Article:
Wednesday, September 05, 2012

The Pinkman Chronicles

On a recent episode of Pop Culture Happy Hour, the gang chatted about what makes a spin-off character a good character to spin off, as well as which characters, um, maybe, not so much.

Amongst talk of how the wacky character (cough, cough, Dwight Schrute) is almost never the right character to spin off, and how it’s the relatively calm characters who can serve as the, well, calm centers of their own shows, I remembered a thought I had a few years back when NBC tried to spin Joey, from Friends, into his own show.

As everyone knows, Joey failed. And while one could peg that on Joey’s status as one of the more exaggerated Friends, I’d argue that by the show’s end he had become pretty nuanced and “calm,” and that from that criteria he could have anchored a spin-off fine.

No, what I think sunk Joey was the simple notion that for 11 or so years, viewers had followed these six friends, and fallen in love with them as a unit. And that what made the Joey spin-off unpalatable was that viewers did not want to visit a world where the gang had been broken up. We still wanted to believe that these six friends hung out all the time, having more adventures, just with kids getting more and more in the way. Not that one of the gang was an entire country away not seeing Ross or Rachel or Chandler or Phoebe or Monica all the time. 

It’s my contention that a spin-off can’t work unless the character being spun off is a character we don’t mind the original gang losing. So Cheers fans may have loved Frasier, but within the world of that show Frasier leaving the bar was a natural development. Had they tried a Norm spin-off, I bet it would have failed horribly. We wouldn't have wanted to see Norm away from the bar.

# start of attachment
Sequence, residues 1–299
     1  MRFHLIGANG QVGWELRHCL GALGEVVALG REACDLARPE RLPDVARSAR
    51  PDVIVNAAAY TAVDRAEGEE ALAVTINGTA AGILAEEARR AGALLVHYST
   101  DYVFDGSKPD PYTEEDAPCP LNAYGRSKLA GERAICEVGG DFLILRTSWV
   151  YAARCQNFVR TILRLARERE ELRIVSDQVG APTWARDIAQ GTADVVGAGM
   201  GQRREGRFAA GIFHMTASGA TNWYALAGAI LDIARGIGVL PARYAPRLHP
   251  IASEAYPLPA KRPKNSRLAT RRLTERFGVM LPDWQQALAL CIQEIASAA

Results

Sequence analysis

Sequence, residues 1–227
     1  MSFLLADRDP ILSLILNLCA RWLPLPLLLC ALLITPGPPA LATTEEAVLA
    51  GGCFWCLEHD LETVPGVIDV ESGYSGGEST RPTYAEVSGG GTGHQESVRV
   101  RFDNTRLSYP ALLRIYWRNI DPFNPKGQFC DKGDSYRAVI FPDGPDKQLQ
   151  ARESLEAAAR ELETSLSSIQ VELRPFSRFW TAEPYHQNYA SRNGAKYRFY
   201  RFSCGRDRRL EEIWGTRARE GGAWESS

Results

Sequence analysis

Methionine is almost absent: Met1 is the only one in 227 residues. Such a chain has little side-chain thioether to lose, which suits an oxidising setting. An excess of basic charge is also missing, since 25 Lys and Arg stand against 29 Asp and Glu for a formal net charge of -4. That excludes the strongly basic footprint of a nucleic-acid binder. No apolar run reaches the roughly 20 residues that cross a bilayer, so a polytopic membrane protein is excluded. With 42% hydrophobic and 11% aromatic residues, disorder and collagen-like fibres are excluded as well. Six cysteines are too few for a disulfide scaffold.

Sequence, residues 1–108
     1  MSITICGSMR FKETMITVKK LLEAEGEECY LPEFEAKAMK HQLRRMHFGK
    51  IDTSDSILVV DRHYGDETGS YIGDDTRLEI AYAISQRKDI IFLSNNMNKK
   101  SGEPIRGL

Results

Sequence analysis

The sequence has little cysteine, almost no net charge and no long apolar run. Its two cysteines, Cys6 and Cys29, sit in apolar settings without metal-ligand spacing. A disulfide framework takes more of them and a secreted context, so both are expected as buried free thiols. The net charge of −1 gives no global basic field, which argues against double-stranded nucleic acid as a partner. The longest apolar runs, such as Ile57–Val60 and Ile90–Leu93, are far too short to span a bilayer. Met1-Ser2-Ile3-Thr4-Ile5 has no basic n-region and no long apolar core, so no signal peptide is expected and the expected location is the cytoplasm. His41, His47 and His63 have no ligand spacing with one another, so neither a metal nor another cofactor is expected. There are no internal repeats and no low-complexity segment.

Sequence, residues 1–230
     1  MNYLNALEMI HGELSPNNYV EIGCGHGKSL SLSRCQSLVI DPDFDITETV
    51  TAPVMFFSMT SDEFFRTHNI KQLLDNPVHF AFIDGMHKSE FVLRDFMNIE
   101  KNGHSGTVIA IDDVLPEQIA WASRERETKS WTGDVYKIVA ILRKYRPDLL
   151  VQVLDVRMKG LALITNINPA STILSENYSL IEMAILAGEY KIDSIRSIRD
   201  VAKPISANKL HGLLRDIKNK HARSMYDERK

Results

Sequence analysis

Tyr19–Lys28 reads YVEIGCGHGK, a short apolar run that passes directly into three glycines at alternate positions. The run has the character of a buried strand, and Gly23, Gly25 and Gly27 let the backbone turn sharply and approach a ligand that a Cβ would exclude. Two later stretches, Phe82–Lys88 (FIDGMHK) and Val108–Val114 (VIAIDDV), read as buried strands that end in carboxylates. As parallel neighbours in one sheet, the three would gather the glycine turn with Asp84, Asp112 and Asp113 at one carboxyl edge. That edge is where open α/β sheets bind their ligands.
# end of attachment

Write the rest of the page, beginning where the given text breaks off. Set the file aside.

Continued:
How can we apply this theory to today’s sitcom hits?

·       How I Met Your Mother – None of the core gang of five could be spun off.

·       Parks and Recreation – We wouldn’t want to see Ron leave, but April and Andy? It’s not that Leslie and the gang don’t love them, but they also could let them go. Whereas, again, the Friends gang was a very decisive set of six.

·       The Office – Given the structure of the show, we could see any of the employees leave and be OK with it. It’s a job. People leave.

·       Modern Family, The Middle, Raising Hope – The families have been set up as too close-knit. Would have to be a periphery character (families are harder to spin off members from that workplaces, but not impossible. Depends on how much the show has set them up as a single, close unit).

·        Curb Your Enthusiasm, Two and a Half Men – Anyone. These people all hate each other.

·        Big Bang Theory – A trickier one. I would argue that they haven’t painted the trio of friends as too co-dependent. A spin-off could work. I think, though, that Penny and Leonard would be hard though. As lackluster as some of found that romance, I think the audience would object to a Penny spin off without Leonard.

Note that in the above scenarios, I don’t literally mean any character could be spun off from, say, The Office – other factors, including the wacky factor the PCHH gang expounded on, would come into play. But purely on “the audience doesn’t want to see people leave the group factor, I think I’m close.

Until Whenever


Roger Owen Green said...

Unless it was satire I missed picking up, The Farm (starring Dwight) WILL be the successor to The Office. I think I read it in a TV Guide in a doctor's office.

Tosy And Cosh said...

Yep. I should have made that explicit in the post.